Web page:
On Thursday, January 9th, Bellevue College’s Annual Dr. Martin Luther King Jr. Keynote was held from 11:30 a.m.-1 p.m in the Carlson Theater. The event was organized by the Office of Equity and Pluralism, the Office of Instruction, and the Office of the Vice President for Student Affairs. The event was free for everyone to go to, and a speaker was chosen to talk from 11:00 a.m. -12:30 p.m., with a reception from 12:30-1:30 pm to converse and eat food.
Rosa Clemente was chosen as they Keynote speaker for this year, an activist in many political struggles such as the struggle between Black and Latin people in the 21st century. As an Afro-Latina, she understands the circumstances of being a minority and being an organizer and activist for her cause. Clemente is also the founder and president of Know Thy Self Productions, that produced many community activism tours.
“We want students to be able to make connections between current issues that we face as a community and how they are connected to Dr. King’s Legacy,” explained Aaron Reader, Director of Multicultural Services. “In addition, social justice isn’t just about learning or becoming aware, but it’s about ‘doing’. So, students will hopefully leave wanting to take action towards making positive changes for themselves, our campus and community.”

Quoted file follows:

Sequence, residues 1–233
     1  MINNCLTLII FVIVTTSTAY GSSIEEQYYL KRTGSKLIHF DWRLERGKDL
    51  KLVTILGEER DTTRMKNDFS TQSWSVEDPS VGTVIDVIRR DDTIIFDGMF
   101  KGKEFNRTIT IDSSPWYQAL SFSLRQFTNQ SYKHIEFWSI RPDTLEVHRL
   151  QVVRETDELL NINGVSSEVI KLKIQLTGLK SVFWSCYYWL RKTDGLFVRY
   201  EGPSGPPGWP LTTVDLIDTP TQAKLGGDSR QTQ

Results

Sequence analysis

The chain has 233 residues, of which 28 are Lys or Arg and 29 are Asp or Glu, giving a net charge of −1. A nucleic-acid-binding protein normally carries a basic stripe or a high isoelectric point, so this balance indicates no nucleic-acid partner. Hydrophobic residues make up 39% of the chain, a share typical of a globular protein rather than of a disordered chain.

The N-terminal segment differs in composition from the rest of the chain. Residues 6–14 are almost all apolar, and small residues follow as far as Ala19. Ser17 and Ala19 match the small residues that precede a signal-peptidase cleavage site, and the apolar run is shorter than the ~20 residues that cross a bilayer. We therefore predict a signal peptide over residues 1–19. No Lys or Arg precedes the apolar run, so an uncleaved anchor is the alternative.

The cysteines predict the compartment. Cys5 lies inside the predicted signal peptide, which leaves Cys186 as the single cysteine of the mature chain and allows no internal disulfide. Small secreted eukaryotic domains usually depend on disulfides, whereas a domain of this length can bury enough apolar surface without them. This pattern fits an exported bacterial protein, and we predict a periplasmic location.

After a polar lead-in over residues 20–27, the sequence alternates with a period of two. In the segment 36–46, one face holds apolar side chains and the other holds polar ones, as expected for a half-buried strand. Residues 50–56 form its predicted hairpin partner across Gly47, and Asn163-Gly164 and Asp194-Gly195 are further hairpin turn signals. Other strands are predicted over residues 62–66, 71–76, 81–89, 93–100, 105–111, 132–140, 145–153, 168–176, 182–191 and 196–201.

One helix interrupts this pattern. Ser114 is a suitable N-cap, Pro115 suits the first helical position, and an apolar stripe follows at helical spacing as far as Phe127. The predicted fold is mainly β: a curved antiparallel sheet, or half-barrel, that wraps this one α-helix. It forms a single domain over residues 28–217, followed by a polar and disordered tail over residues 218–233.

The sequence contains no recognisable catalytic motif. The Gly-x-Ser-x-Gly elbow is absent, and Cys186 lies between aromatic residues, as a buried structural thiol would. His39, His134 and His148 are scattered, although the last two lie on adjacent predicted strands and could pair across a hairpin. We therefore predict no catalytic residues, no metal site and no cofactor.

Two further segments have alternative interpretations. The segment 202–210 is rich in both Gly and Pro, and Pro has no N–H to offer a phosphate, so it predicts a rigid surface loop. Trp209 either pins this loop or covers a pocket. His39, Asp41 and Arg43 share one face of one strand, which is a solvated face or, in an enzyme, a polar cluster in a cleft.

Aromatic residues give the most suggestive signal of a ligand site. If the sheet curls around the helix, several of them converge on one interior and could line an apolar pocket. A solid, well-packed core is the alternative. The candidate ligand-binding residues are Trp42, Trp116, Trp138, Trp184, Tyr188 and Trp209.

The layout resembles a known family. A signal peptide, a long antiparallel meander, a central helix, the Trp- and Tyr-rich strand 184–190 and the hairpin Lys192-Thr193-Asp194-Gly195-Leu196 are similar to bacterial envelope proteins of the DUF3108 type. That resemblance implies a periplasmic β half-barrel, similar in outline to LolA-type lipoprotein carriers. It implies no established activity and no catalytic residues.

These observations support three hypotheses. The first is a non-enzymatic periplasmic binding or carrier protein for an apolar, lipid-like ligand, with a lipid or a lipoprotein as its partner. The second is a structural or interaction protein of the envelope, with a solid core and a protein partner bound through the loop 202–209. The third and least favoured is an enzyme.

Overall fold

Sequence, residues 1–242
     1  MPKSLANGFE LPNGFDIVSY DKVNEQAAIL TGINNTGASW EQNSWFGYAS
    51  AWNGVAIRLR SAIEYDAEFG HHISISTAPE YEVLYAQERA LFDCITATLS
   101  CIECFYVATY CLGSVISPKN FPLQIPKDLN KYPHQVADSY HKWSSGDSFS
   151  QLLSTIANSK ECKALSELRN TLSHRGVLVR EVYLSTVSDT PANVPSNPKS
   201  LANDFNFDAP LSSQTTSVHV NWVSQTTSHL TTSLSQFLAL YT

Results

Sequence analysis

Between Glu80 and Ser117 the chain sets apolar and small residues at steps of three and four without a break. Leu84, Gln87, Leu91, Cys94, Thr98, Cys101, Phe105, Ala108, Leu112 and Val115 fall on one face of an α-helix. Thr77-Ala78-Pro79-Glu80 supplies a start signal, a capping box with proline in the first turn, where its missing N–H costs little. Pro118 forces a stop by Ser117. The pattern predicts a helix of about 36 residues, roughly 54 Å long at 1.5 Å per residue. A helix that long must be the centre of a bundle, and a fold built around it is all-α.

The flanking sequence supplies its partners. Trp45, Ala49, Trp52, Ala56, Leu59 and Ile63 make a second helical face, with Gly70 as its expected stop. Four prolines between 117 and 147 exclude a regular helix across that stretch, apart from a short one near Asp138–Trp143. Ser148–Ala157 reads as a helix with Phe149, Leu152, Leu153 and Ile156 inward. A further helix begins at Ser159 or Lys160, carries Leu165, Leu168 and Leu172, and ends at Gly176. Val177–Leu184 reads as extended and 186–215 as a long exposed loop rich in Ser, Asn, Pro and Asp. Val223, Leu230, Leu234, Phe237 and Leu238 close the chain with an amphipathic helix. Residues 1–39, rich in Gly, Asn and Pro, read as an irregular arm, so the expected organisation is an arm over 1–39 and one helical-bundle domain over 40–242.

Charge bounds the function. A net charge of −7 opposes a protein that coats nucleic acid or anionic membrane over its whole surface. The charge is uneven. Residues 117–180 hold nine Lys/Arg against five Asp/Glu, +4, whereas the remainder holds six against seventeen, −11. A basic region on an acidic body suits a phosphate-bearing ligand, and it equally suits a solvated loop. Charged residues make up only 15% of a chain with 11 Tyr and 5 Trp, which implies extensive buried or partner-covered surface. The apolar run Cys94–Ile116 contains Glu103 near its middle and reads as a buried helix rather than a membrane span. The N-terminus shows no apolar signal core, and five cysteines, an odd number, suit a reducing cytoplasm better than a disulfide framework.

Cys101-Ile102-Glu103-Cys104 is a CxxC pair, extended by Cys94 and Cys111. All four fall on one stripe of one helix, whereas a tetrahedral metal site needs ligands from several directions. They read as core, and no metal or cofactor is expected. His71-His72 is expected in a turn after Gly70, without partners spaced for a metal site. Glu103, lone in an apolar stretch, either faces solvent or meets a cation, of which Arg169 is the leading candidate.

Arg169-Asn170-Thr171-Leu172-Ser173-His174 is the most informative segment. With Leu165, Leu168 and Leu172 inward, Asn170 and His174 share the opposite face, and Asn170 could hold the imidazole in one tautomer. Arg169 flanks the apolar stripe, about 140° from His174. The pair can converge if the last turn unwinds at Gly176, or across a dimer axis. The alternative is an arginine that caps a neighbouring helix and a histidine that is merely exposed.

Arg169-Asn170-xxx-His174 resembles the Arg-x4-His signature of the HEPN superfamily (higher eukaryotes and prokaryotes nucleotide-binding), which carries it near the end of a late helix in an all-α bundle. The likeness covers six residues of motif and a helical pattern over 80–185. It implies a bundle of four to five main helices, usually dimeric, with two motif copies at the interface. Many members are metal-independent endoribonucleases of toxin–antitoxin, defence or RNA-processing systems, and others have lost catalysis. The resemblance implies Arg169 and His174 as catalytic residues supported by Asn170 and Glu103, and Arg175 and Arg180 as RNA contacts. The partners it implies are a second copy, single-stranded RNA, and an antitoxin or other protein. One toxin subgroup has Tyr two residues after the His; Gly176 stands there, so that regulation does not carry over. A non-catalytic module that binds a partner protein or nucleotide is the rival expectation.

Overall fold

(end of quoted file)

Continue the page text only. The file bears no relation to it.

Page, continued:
The theme for this year’s Keynote was “Where do we go from here, Chaos or Community.” Chaos or Community is the conflict between either building community or building chaos as a result from marginalized groups being impacted by hate. The theme is taken from Dr. Martin Luther King’s book, “Where do we go from here, Chaos or Community?” In the book, Dr. King wrote about the importance of uniting as a community to peacefully fight social injustice rather than resorting to violence. Clemente discussed how people need to organize movements in order to get rid of racism and oppression.
Clemente discussed current issues people face as a community and why people need to take action. “We’re in such a dire situation, that us organizers and activists if we don’t speak out we’re on the wrong side of humanity, history and justice,” stated Clemente. “Unless you want to be one of the people where your choices are made for you.”
She explained how it was important to be an organizer in society, by organizing movements to solve social justice issues, just as Dr. Martin Luther King did. “I’m an organizer at heart, and Dr. King at heart was an organizer,” said Clemente. She stressed the importance for people to stand up for the oppressed.
Clemente said that she saw people, “standing up for racial justice and seeing white young people being on the ground and follow black and brown leadership, seeing this new generation of white organizers, seeing an organization go from five chapters to 175 makes it very clear that we’re going towards a multi-racial people’s movement. Which is what we need, but as we go towards that movement we can never not center racial justice. Because when black and brown people are free we are all free.”
With the election of Donald Trump, Clemente says about organizers, “We have to be 100 percent unapologetic and completely committed at this point to resisting in a way that we never thought we could.”